Mourning Headband for Hue: An Account of the Battle for Hue, Vietnam 1968

Mourning Headband for Hue: An Account of the Battle for Hue, Vietnam 1968

Language: English

Pages: 378

ISBN: 0253014174

Format: PDF / Kindle (mobi) / ePub

Vietnam, January, 1968. As the citizens of Hue are preparing to celebrate Tet, the start of the Lunar New Year, Nha Ca arrives in the city to attend her father’s funeral. Without warning, war erupts all around them, drastically changing or cutting short their lives. After a month of fighting, their beautiful city lies in ruins and thousands of people are dead. Mourning Headband for Hue tells the story of what happened during the fierce North Vietnamese offensive and is an unvarnished and riveting account of war as experienced by ordinary people caught up in the violence.

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findings, as well as some of the reports published at the time, to argue that an inevitable bloodbath would ensue in Vietnam if the Communists took over the country.53 In his famous “peace with honor” speech delivered on November 3, 1969, Richard Nixon used Hue as justification for avoiding a sudden withdrawal from Vietnam: “We saw a prelude of what would happen in South Vietnam when the Communists entered the city of Hue last year. During their brief rule there, there was a bloody reign of

burns with impatience; he was so determined to go down here to look for you, aunt. I had to prevent him. The two of us, I and your child, every day were looking for a way to come down here, but it was impossible to do it.” “Have any of my grandchildren been hurt?” My mother stops; her eyes turn pale in expectation. Mr. Minh drinks a mouthful of water: “Not bad. Oh, only Hy, the younger sister of Lễ’s wife, was directly hit by a piece of shell, which entered her leg. But not bad, there are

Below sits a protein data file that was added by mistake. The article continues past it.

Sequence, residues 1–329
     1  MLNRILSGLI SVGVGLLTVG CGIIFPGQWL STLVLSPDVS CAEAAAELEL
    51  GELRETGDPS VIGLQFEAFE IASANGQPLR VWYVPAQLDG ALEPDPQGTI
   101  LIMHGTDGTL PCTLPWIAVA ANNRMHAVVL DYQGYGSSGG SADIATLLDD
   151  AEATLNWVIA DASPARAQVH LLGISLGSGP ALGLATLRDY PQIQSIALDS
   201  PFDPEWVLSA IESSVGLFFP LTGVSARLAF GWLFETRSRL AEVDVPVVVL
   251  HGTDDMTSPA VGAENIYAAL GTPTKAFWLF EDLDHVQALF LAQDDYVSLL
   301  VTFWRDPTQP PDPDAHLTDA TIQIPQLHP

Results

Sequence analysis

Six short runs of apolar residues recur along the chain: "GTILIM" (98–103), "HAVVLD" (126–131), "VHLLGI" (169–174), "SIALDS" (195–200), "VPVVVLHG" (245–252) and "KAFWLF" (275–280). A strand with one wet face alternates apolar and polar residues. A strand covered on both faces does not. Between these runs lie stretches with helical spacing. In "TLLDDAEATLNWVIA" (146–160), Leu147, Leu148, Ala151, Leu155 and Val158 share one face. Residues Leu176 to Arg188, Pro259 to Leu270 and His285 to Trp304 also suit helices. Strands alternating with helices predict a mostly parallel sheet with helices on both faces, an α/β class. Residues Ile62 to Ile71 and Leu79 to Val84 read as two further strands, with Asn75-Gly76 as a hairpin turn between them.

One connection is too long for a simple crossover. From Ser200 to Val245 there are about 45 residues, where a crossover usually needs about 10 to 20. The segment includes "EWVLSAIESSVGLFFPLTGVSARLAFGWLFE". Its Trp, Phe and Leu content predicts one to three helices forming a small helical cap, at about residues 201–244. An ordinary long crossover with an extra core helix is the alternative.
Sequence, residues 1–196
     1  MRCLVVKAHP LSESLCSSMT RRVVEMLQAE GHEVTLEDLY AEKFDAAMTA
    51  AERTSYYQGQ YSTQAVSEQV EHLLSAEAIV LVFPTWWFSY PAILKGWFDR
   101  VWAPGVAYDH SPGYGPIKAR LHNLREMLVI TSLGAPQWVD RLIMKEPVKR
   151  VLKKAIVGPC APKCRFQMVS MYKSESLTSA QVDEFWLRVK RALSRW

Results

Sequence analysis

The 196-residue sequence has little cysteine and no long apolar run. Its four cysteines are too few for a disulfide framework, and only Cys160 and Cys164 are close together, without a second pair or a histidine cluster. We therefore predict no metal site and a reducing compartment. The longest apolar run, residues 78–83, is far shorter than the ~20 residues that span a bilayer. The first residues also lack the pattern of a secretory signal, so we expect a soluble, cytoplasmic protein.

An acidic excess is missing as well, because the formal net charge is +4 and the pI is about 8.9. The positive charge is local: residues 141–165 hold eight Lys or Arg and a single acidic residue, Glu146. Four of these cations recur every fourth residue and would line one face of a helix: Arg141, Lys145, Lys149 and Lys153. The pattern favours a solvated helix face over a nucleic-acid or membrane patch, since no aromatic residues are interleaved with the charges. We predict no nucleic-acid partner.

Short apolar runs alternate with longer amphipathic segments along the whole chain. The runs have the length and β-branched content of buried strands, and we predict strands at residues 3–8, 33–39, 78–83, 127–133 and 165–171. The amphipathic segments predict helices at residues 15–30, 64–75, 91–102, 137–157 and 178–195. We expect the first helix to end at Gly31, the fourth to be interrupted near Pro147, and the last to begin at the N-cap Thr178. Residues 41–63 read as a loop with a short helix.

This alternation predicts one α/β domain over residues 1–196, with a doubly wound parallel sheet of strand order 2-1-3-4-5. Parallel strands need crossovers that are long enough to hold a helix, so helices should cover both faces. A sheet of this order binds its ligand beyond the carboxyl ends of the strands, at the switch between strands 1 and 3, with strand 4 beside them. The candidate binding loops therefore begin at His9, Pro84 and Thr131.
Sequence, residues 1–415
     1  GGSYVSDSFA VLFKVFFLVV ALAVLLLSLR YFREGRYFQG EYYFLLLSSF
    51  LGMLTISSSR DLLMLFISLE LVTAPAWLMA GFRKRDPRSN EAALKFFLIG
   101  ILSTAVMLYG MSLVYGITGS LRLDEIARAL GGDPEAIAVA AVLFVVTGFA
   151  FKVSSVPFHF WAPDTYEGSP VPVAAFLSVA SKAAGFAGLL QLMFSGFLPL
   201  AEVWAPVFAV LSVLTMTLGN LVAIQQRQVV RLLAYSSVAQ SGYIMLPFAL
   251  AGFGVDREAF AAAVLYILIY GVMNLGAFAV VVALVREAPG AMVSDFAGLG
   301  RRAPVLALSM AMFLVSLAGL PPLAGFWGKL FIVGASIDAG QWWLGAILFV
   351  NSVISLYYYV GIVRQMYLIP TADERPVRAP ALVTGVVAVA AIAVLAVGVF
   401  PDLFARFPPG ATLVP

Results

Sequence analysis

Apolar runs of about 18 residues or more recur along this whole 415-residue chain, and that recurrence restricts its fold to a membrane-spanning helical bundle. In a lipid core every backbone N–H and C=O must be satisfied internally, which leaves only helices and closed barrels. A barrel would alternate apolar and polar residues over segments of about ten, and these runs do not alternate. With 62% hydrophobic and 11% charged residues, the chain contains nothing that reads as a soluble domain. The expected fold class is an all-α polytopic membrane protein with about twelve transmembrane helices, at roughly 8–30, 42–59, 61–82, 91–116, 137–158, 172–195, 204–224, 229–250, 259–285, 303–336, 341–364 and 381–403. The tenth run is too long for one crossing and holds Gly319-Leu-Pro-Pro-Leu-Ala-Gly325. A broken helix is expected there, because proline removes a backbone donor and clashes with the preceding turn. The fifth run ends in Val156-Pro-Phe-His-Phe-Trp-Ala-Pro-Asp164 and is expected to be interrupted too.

scornful: “Why do you speak so perversely? I have nothing to do with following Americans. When you go back, ask if that Mr. Hồ Chí Minh of yours dared to talk with me in this tone of voice. I’m not going, did you hear me or not? If you want to invite me to a meeting, you must have a message from Chairman Hồ, not from some Liberation Front of your brazen band – what good is that? Does this brazen band of yours know who I am?” Perhaps the head of the group has real consideration for this stubborn

band. I am against both Americans and Communists.” I wait for a moment and then hear Mr. Minh’s voice continuing: “As for Mrs. Hảo, if there is a way to send word to her husband, do it. Listen, you have to send word to him to come back and bring the glorious rewards we hear about so much.” I hear a woman sobbing, then the voices of several liberators saying their good-byes and the sounds of feet on their way out. Oanh and Trúc crawl down to the shelter first. They get close to my ear:

bare their teeth, laughing inappropriately, in a manner that in no way fits the situation or the scene. The wounded have a place arranged for them, and there are several doctors in the area who are there to dress their wounds. I keep inquiring but learn only that people in this group streamed here from many different localities. They let me know that Tràng Tiền Bridge has been destroyed and An Cựu Bridge has also been destroyed. There are people from the city who managed to escape because they

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